The following post was submitted to NC Policy Watch by Vicki Meath, Executive Director of the group Just Economics in Asheville.
Another attack on workers and local governments
By Vicki Meath
Among the harmful and destructive bills passed during the waning hours of 2013 legislative session was HB 74 (“The Regulatory Reform Act of 2013”). The bill now awaits the Governor’s review.
In this bill affecting rules in a variety of areas (including significant rollbacks of environmental protections) lawmakers included an anti-living wage, anti-local government, anti-worker provision. Section 5 eliminates the rights of cities and counties to enact living wage policy or paid sick day requirements for contract workers.
This provision will not accomplish any useful purpose and will actually harm both workers and local governments. Cities and counties are already required to use the lowest acceptable bid on city or county contracts. Lowest acceptable bid requirements are useful in that they virtually eliminate conflict of interest and potential unjust favoritism in bidding; however contractors often have to reduce their non-fixed costs in order to compete for public contracts. This can often mean cutting labor costs.
Living wage policies help contractors level the playing field so that they can compete for city and county contracts on the basis of the quality of their work instead of a race to the bottom in terms of worker wages and benefits. Living wage policies helps workers by providing a more just wage floor that promotes economic self-sufficiency. Living wages help our local economy because when more money is placed in the hands of low-wage workers, that money gets put right back in the local economy. The living wage provision in HB 74 was not meant to help anyone, but rather to take away some autonomy and decision making power of our local governments.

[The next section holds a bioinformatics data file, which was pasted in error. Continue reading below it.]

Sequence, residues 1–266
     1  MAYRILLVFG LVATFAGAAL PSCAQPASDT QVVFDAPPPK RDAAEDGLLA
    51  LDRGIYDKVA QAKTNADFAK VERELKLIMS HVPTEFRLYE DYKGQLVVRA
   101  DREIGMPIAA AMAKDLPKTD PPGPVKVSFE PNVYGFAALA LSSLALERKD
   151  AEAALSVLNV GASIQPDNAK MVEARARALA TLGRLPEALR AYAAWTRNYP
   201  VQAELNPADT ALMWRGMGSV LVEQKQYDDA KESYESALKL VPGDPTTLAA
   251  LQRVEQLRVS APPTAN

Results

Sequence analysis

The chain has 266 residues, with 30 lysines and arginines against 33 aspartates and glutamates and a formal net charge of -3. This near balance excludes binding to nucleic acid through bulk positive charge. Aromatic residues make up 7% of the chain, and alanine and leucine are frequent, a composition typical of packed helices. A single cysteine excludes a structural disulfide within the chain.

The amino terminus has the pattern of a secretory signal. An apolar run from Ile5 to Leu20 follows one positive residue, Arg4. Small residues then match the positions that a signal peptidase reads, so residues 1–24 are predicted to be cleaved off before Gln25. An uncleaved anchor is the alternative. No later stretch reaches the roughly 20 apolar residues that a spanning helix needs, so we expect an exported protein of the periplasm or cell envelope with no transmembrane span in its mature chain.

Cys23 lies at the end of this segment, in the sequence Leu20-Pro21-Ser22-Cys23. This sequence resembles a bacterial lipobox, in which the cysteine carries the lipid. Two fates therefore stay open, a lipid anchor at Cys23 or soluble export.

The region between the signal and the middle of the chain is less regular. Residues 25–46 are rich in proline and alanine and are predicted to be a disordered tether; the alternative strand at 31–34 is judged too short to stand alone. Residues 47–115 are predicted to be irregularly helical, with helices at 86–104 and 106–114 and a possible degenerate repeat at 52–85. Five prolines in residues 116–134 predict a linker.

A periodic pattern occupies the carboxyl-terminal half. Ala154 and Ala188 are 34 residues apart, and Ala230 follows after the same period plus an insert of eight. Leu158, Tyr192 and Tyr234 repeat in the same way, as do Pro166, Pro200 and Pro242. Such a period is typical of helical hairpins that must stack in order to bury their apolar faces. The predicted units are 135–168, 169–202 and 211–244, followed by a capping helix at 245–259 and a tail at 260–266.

In North Carolina, the anti-living wage provision will undo years of work in the City of Durham, Durham County, and the City of Asheville. In Asheville, Just Economics has been advocating for the implementation of living wage requirements for contractors since 2007 when the City passed a living wage policy for its workers. In response to the Asheville City Council’s questions about the impact of living wage policy for contractors on the city budget, Just Economics worked with city staff to phase in the policy and study the impacts during each phase.
The three-year phase in approach was completed on June 25th, 2013 when the Asheville City Council voted 7-0 to enact a living wage policy on all City contracts above $30,000. The City carefully considered the data collected, contractors and businesses showed support for the policy, and no group voiced opposition. The Council made an informed choice about what is best for the local community. So the question is: Who is this policy meant to help? Why do state legislators feel the need to remove local issues from the hands of local leaders when local community members are not voicing any concerns, but rather support?
As the old saying goes “if it ain’t broke, don’t fix it.” Not only was living wage policy “not broke”, it was working and supported and voted in by the Council that takes financial responsibility for implementing it. As far as I know, no one in the local community was asking to “fix it.”